The transparency-induced pain of the GDPR and CCPA on Mar 14, 2019
Reading the news about data protection and privacy in the first two months of the year suggests that companies are responding in a very human way to the pressures of new privacy regulations. Whenever we (humans) are faced with a new threat or painful experience, we become suspicious of the possible causes of those threats and pains and start looking for new ways to avoid them—so we can go back to the way things were before, back into our comfort zones. Let’s face it: without threat or pain, there would be little to no innovation in the world.
For example, when it was determined that high cholesterol increased our risk of heart disease, pharmaceutical companies invested significant resources in finding new medications that would let us continue to eat the fried, sugary foods we love so much. When the highway patrol started using radar guns, manufacturers created radar detectors so we could avoid speeding tickets. Now, while the General Data Protection Regulation (GDPR) and the California Consumer Privacy Act (CCPA) are the result of a threat to personal data privacy, they are also threatening the very lifeblood of digital business—and innovative companies are starting to respond.
GDPR and CCPA require a new level of transparency that poses a threat to the way companies handle personal information. Both regulations bring greater weight and compliance challenges to an old privacy transparency principle, commonly referred to as Data Subject Access Requests (DSAR). Beyond DSAR requirements, the GDPR adds another dose of painful transparency with breach notification requirements. While California already had a breach notification regulation in place, the CCPA requires an additional level of transparency in how companies share personal information with third parties. It forces companies to open up about areas of the business they would have preferred stay secret: the inappropriate handling of information and the widespread sharing of personal information with vendors and partners. Our current predicament with GDPR and CCPA is leading companies to innovate in search of solutions that will allow personal information to flow with limited consequences.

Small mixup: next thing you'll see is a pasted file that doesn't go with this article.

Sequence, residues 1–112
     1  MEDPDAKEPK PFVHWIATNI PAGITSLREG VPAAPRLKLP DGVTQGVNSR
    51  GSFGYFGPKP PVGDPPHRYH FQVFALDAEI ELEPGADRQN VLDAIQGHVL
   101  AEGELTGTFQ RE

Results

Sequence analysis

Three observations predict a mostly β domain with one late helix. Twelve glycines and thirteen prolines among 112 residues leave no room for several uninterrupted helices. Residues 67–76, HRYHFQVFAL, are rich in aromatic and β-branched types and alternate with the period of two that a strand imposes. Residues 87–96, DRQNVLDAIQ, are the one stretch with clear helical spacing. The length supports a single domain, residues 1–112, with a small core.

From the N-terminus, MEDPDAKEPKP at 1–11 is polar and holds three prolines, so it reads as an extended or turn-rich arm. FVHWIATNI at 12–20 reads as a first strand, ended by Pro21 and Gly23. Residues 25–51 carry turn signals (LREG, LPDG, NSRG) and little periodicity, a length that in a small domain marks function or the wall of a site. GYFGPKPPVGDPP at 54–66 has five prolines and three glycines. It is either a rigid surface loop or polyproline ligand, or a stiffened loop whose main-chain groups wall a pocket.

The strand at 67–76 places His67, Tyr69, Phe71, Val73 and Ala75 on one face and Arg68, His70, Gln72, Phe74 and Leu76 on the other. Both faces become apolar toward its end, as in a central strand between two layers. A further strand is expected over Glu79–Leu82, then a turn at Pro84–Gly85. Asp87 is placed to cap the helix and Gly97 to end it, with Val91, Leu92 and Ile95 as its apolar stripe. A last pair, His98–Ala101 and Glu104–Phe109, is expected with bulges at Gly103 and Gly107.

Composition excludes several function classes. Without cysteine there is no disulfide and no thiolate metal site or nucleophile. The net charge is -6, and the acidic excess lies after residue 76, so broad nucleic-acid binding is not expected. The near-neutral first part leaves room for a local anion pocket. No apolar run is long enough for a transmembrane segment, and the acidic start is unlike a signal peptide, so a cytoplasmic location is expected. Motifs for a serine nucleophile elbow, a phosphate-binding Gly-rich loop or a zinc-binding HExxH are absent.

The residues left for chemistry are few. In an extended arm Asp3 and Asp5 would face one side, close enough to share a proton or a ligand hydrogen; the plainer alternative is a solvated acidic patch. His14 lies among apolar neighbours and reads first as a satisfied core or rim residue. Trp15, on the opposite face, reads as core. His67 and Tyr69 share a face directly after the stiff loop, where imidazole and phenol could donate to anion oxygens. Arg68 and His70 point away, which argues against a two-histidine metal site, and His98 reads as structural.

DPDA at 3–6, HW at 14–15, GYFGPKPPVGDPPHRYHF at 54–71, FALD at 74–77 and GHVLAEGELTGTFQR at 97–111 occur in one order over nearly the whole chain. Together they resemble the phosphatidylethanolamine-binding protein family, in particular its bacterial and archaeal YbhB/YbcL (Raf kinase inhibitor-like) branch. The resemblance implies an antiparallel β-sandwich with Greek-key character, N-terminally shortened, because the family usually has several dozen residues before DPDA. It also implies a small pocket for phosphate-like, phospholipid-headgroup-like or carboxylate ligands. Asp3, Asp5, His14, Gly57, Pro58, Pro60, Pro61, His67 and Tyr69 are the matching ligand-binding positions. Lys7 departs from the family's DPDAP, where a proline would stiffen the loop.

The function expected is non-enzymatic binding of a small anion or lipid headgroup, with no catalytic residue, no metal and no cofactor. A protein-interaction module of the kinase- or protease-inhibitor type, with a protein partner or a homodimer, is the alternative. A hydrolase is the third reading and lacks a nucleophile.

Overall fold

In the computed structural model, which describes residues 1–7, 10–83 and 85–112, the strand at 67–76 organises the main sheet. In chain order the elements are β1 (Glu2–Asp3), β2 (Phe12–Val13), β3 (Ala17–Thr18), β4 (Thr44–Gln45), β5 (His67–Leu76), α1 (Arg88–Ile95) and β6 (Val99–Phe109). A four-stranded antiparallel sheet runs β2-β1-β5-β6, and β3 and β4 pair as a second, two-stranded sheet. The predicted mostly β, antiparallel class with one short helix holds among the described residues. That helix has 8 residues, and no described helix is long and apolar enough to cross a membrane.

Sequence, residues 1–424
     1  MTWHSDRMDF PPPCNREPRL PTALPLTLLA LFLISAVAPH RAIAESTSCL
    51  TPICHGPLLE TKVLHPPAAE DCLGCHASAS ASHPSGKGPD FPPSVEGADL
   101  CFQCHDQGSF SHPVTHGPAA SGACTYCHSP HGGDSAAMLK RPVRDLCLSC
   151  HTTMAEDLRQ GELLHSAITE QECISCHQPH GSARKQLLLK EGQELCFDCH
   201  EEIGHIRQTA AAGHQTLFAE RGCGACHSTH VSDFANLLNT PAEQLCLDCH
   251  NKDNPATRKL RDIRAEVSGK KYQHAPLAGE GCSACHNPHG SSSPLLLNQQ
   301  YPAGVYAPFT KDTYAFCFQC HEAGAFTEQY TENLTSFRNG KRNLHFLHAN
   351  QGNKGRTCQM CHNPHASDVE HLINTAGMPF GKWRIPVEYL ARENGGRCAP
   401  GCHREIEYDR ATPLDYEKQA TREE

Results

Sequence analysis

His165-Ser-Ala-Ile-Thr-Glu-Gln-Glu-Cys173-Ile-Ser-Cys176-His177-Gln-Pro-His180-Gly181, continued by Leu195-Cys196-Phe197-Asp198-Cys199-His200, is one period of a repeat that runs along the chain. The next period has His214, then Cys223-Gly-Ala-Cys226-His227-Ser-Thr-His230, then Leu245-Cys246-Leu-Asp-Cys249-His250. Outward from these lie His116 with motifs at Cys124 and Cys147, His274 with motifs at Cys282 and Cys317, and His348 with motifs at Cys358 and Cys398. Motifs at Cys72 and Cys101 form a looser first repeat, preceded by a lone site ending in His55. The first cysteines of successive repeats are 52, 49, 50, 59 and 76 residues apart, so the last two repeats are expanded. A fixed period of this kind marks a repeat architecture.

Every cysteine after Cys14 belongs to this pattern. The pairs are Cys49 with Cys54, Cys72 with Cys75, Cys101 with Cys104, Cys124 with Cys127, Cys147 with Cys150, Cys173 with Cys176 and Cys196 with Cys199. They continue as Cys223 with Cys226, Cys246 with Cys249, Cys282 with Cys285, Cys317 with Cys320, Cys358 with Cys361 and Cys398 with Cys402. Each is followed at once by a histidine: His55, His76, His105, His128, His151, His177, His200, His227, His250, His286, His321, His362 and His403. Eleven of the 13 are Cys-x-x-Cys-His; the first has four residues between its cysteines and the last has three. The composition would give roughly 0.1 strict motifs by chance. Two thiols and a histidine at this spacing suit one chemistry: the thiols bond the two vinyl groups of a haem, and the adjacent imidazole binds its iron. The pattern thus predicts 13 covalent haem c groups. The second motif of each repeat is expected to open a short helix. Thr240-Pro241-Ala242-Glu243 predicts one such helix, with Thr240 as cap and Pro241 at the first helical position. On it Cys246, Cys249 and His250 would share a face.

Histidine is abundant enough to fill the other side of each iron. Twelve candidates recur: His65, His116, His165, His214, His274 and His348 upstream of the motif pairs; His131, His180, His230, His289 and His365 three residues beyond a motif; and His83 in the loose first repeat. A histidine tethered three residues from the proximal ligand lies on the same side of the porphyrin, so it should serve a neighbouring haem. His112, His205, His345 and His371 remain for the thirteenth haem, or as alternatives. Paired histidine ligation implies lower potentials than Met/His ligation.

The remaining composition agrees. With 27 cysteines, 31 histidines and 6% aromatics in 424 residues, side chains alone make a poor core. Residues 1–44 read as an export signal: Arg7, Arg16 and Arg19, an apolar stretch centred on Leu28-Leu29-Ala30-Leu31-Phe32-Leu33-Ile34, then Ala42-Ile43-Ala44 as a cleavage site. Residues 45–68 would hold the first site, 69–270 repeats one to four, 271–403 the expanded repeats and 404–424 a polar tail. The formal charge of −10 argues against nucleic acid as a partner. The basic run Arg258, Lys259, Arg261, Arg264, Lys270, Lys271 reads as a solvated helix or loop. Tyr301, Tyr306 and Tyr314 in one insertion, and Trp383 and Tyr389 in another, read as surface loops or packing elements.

We should remember that privacy regulations have put us on a similar path before. In 2003 California passed the first breach notification regulation in the US, soon to be followed by 47 other states. Reputable companies found themselves on the front pages of newspapers, having to take responsibility for poor information-handling practices. The pain and embarrassment of breach notification had to be contained, so innovation quickly followed with a solution—Data Loss Prevention (DLP) technology. DLP is far from a panacea for breaches, but it was the common solution companies adopted so they could feel comfortable enough to continue to operate quickly and efficiently with data as before.
There is a race going on today to develop a winning technological approach to the granular control of personal data required by the GDPR and CCPA. What solution will take the lead in addressing these operational pain points, just as DLP did for the breach notification requirements of the early 2000s? For now, it is too early to tell, but this blog will keep tracking it.
More on the GDPR and CCPA
Over 59,000 data breaches reported in EU since GDPR
In January, we learned that since the GDPR went into effect in May of 2018, close to 60,000 breaches were reported in the EU—a rude awakening for those of us under the impression that personal information is better protected in the EU than in the US.
On data privacy, state AGs say they’re following California’s lead